Transparency helps reduce inappropriate PCI rates

 - Tim Casey
Tim Casey, Executive Editor

In early 2012, hospitals in New York received reports from the state on their inappropriate PCI rates. The state later published the rates in a medical journal and recommended that payers deny reimbursement for inappropriate PCIs in Medicaid patients.

The transparency initiative apparently worked, at least according to a recent analysis published in the Journal of the American College of Cardiology.

In New York, the rate of inappropriate PCIs in New York decreased from 18.2 percent in 2010 to 10.6 percent in 2014. During that time period, the rate of inappropriate PCIs declined from 15.3 percent to 6.8 percent for Medicaid patients and from 18.6 percent to 11.2 percent for other patients.

Meanwhile, the number of inappropriate PCIs in patients with no acute coronary syndromes or no prior CABG decreased 69 percent, including a 75 percent decline in Medicaid patients.

For the study, the researchers used appropriate use criteria (AUC) for coronary revascularization that the American College of College, American Heart Association and other medical societies published in 2012. They analyzed all 58 nonfederal hospitals in New York that performed PCIs between 2010 and 2014.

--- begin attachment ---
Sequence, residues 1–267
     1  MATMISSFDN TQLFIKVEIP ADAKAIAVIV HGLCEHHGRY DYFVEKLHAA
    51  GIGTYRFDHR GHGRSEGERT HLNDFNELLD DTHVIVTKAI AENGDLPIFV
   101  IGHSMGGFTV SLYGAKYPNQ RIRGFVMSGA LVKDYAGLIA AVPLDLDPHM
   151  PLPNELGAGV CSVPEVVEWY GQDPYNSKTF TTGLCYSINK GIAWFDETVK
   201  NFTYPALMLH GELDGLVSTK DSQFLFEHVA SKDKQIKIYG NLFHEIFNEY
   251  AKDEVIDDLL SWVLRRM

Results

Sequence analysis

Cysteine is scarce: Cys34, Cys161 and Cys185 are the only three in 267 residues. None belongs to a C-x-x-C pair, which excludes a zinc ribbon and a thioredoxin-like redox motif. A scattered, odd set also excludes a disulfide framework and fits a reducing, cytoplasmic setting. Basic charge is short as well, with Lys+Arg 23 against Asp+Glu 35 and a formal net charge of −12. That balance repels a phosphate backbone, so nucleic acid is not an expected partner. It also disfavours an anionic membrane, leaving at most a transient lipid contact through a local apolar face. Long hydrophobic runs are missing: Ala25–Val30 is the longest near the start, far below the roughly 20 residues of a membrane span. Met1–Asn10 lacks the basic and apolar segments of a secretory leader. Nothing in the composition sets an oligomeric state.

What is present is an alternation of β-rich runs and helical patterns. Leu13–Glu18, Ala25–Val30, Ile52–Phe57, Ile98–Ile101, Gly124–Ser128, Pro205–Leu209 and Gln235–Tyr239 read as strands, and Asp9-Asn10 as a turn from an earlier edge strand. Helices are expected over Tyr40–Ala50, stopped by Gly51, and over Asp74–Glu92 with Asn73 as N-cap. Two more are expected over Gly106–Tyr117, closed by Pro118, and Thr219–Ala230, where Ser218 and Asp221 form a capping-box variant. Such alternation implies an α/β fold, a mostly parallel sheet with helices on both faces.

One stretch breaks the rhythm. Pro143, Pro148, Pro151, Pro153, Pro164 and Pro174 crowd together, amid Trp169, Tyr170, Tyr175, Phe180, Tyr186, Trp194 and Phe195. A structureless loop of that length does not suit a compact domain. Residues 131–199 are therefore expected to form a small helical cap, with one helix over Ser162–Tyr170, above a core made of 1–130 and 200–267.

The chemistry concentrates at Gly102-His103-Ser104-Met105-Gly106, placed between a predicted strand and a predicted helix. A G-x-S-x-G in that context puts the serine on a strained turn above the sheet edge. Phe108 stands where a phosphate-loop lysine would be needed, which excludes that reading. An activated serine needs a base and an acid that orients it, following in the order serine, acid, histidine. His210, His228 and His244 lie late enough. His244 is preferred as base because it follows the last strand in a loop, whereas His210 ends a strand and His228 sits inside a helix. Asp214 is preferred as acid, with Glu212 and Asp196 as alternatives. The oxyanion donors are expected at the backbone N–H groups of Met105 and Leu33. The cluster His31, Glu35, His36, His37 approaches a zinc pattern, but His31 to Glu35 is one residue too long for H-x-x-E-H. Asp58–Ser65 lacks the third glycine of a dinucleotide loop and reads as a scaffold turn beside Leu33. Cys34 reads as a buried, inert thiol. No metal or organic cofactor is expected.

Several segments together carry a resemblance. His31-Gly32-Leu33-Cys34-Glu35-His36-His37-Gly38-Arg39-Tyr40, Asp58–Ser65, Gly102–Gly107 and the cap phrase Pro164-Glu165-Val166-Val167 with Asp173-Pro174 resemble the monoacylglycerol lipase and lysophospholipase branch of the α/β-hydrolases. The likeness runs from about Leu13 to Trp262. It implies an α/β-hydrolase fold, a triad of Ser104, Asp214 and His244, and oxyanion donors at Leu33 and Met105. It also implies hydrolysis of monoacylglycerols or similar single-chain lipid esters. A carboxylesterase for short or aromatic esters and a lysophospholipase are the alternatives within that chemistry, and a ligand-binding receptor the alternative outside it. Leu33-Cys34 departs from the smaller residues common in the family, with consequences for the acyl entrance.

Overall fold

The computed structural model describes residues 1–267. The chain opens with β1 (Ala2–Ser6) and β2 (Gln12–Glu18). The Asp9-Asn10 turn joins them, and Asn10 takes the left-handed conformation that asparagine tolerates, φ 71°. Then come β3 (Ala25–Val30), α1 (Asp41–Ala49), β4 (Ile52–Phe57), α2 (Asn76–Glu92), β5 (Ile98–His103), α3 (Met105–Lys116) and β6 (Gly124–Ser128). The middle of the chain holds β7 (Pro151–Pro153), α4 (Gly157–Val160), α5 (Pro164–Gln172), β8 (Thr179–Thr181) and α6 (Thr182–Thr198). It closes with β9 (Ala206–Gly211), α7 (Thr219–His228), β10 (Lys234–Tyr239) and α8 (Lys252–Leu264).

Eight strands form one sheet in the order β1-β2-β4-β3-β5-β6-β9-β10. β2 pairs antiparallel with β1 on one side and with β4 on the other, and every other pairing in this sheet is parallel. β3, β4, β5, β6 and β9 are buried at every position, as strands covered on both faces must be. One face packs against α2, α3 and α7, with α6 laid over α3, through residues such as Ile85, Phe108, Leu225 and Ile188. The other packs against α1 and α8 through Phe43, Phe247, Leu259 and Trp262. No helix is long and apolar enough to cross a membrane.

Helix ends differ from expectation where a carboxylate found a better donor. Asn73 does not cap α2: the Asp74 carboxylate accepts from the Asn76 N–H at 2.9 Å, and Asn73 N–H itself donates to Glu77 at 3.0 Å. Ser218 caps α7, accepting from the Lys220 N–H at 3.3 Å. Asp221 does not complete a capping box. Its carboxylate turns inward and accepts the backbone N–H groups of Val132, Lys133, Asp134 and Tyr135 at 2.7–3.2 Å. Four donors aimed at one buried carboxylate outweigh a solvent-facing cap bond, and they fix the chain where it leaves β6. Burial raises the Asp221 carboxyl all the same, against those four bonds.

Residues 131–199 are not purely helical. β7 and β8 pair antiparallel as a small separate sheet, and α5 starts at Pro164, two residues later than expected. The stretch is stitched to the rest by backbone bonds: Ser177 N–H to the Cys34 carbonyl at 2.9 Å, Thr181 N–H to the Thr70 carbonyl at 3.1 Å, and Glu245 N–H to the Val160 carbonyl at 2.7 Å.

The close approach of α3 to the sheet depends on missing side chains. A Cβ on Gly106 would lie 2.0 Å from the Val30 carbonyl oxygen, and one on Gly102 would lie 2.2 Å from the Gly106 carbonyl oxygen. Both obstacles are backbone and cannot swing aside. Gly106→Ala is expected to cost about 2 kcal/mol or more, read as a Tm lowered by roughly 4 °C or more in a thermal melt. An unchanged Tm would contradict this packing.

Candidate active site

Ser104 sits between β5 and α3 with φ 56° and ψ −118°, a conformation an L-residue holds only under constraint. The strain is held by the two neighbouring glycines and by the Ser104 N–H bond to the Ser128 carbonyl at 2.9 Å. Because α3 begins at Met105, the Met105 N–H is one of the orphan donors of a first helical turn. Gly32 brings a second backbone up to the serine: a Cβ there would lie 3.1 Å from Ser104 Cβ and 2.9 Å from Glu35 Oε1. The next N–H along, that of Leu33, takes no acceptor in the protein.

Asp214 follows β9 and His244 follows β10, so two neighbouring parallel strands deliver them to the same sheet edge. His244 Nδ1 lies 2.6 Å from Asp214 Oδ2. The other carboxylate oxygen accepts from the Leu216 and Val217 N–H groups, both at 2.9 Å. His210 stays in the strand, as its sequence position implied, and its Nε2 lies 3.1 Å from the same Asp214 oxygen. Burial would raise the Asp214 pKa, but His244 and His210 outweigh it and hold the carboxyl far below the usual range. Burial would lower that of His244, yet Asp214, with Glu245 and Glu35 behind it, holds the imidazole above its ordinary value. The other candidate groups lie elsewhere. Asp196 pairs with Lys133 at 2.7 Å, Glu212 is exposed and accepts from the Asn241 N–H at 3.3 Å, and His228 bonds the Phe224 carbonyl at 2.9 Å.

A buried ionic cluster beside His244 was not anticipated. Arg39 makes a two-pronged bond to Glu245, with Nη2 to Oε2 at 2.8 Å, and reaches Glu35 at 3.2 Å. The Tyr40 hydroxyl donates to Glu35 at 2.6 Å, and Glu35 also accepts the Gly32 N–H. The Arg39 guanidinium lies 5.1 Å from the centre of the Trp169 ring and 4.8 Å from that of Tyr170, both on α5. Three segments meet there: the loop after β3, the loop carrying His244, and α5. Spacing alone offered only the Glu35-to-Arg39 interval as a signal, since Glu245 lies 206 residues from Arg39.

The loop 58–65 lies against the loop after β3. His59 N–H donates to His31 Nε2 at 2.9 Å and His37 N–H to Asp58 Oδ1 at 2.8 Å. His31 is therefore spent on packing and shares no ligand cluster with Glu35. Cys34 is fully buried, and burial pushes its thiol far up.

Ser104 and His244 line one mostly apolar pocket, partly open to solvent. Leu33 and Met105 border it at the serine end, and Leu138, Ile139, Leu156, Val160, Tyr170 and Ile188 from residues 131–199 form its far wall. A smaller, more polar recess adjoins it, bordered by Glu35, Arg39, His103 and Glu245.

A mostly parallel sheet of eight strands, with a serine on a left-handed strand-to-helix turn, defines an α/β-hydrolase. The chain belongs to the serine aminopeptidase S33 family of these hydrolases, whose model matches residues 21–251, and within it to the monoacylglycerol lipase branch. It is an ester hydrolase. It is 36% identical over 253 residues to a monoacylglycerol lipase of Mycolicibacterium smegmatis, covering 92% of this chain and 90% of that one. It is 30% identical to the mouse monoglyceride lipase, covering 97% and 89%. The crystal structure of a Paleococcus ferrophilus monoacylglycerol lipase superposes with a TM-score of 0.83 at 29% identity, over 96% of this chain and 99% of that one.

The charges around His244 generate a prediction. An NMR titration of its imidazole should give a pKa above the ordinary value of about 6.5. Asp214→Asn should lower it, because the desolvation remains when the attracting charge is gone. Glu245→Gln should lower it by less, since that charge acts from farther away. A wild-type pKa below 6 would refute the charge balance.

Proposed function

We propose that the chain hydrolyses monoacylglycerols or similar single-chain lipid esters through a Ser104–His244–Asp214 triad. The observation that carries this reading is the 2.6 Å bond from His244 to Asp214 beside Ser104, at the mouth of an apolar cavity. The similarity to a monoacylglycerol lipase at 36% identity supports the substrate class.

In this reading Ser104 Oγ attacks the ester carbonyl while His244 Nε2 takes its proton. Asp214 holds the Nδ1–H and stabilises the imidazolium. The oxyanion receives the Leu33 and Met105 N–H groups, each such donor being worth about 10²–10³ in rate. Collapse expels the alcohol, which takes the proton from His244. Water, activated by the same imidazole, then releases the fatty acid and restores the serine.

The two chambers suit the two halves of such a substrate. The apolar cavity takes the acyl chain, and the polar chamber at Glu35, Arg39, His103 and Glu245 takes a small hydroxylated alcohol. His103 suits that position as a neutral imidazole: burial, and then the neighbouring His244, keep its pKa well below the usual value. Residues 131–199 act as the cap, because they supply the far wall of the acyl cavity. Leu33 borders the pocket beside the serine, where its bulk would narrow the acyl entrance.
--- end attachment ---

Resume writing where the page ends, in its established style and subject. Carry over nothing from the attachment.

More than two-third of the hospitals decreased their inappropriateness rates by at least 2.9 percent, while one-half of hospitals decreased their inappropriateness rates by at least 2.9 percent by more than 6.3 percent, according to the researchers.

In addition, the number of PCI patients defined as stable decreased by 54 percent from 2010 to 2014, including a 52 percent decrease in Medicaid patients. During that time period, the percentage of PCIs performed in stable patients declined from 37 percent to 20 percent.

Although the state of New York’s decision to release findings on inappropriate PCIs likely played a role in the declines, the researchers noted that it could also be due to the 2009 release of the AUC. After that document was published, there were national studies of inappropriateness rates in the National Cardiovascular Data Registry (NCDR), according to the researchers.

They mentioned that inappropriateness rates in NDCR decreased 50 percent from 2010 to 2014, which was a higher rate of decline than in New York. However, the decrease in the volume of PCIs for stable coronary artery disease was higher in New York than it was in the NCDR.

The researchers also cited a few limitations of the study, including that the definitions of Canadian Cardiovascular Society class changed in 2012 in the New York registry. Providers were also incentivized to decrease their inappropriateness rates by upcoding patient severity of illness instead of improving patient selection. Still, informing hospitals about their inappropriateness rates seems to have significantly changed practice.

“The success in using AUC to inform evidence-based medicine by professional societies and policy makers can serve as a model for improving the cost effectiveness of other costly health care services,” the researchers wrote. “In general, this approach can serve as an aid to providers in an era when payment will depend on health care outcomes rather than on the services provided. It can also serve as a model for payers and govern- mental agencies in their goal of assuring that procedures and other services will be as cost effective as possible.”